Have Book, Will Travel

Seven words ... that’s all it took.

The songs of a Bewick’s Wren filled my ears and images of the White-headed Woodpecker and Lawrence’s Goldfinch, seen earlier in the day, were still fresh in my mind as I sat in a hotel room in Kernville, California during the autumn of 1999, celebrating the recent release of my second and third books. And yet, my mind was already jumping ahead in search of a topic for the next book.

This was my second visit to Kernville--the first coming in April 1997. During that visit, local birders had reacted to me in the same way birders do wherever I travel. “I’ve never met a black birdwatcher before.” This seven-word reaction is often among the first words I hear when I meet other birders for the first time.

Having spent the first 25 years of my career working for the federal government, I had an opportunity to visit some of the most scenic areas of the United States. I lived a biologist’s dream life, working at National Wildlife Refuges and National Forests across the country.

Those seven words followed me wherever I went. I’m not sure what caused me to think of those words while sitting in that Kernville, CA, hotel room. But as I began to ponder those words, I began to ask the question... “Why?” Not too long after that, I realized that many other people and organizations were starting to ask the same question: “Why?” As in, why don’t we see more minorities visiting National Parks and National Wildlife Refuges, going birdwatching, or simply enjoying nature?

Soon thereafter, and with encouragement from Kenn Kaufman, Ted Eubanks, and Paul Baicich, I began work on a research project that would ultimately become my latest book, Birding for Everyone. The purpose of Birding for Everyone is to encourage minorities to develop an interest in nature, albeit through bird watching.


If John Robinson achieves his vision, the future birders in this group won't be hearing the "seven words."

Since releasing the book in April 2008, I’ve spent the last 15 months touring the country and introducing the study of birds and the enjoyment of nature to children. I am living the actual vision that came to me in Kernville in the fall of 1999. Cleveland, Ohio; Boston, Massachusetts; San Francisco, CA; Pittsburgh, PA; Atlanta, GA; Columbus, OH; San Antonio, TX; Ithaca, NY; and the list continues. Despite meeting hundreds of young children during this tour, the feeling never changes: each time I have an opportunity to talk to just one young boy or girl and tell him or her about nature and birds, I know that the end result of that encounter may last a lifetime for that child.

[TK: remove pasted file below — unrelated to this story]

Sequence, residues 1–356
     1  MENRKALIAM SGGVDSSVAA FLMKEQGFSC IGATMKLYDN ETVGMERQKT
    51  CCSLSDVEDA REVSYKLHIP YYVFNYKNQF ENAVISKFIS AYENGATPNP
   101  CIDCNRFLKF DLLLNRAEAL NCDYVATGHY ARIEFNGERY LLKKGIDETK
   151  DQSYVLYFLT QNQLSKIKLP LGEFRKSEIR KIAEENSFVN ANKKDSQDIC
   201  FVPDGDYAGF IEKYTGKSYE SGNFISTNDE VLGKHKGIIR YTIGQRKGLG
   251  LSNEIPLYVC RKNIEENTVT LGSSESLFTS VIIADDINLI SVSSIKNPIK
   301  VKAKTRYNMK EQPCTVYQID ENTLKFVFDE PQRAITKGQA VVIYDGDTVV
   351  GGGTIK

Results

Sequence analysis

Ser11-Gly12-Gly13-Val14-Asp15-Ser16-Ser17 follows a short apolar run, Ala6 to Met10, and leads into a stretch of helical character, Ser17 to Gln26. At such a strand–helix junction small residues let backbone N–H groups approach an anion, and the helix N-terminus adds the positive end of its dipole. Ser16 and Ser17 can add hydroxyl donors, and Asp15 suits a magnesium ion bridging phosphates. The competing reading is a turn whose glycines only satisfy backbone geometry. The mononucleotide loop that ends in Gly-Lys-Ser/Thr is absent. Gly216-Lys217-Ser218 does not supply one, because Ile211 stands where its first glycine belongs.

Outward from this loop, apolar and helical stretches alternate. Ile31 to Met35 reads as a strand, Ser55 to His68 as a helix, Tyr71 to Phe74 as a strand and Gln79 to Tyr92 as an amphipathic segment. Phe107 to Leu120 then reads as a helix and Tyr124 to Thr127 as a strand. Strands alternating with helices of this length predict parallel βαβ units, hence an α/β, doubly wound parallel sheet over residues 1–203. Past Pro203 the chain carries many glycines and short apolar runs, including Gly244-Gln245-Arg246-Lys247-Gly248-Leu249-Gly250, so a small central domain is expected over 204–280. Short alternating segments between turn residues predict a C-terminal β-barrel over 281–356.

Many of the children in this audience at San Francisco's E.R. Taylor Elementary School are at about the same age as the author was when Jack London's "Call of the Wild" changed his life forever, setting him on the path to becoming a wildlife biologist and ultimately devoting himself to the cause of introducing children to birds.

I know this from personal experience. You see, when I was in the sixth grade, I did not read books (except whenever the library teacher gave me a book report assignment). That same teacher noticed my apparent dislike for reading and asked why I did not read any of the thousands of books that were in the school library. When I told her none of the books interested me, she simply replied with another question: “Okay, so what does interest you?

When I told her that I enjoyed chasing the butterflies and looking for crayfish and spiders in my back yard, I saw a smile come over her face ... the kind of smile adults give a child when they know they’ve figured out exactly what the child wants. She went over to the book shelf, retrieved a book, and handed it to me. It was Jack London’s Call of the Wild. I began reading it and immediately discovered that it painted a picture of a world that I never knew existed but, strangely enough, had always been searching for.

Reading that book caused me to create a vision of what I wanted to be as an adult: a biologist. I envisioned myself living in Alaska and studying wolves. Once formed, I carried that vision everywhere I went. It was as strong as ever when I began to prepare my college applications at the beginning of my senior year in high school.

The Travel Begins

Two life-changing events occurred before I was 20 years old. The first was the grade school library teacher who taught me how fun it was to read, thereby introducing an inner city youth to nature. The second occurred during my sophomore year of college, when my school advisor told me I had to take a course called Ornithology.

When I began learning about birds, I found my thirst for knowledge knew no limits. The more I studied birds, the more I discovered about this Earth we live on. For most people, the arrival of spring is merely a date on a calendar. However, for birders, the arrival of spring is marked by the appearance of their first American Robin or Louisiana Waterthrush.


Taking young children birding is a great way to spur their interest in the natural world. Birds are brightly-colored, they can fly, and they can be found almost anywhere. The opportunity to get a close-up view of a bird through binoculars, or a spotting scope, might be the gateway to a lifetime of enjoyment. Here the author shows a group of youngsters the field guide illustration of a bird they've just seen.

I left Pittsburgh, Pennsylvania traveling west to Ames, Iowa to attend college at Iowa State University. By a stroke of good fortune, I got the opportunity to work for the U.S. Fish and Wildlife Service and the Minnesota Department of Natural Resources at the end of my sophomore year. Upon graduation, I accepted full employment with the U.S. Fish and Wildlife Service and began a journey that would involve me criss-crossing the country as my career began to flourish.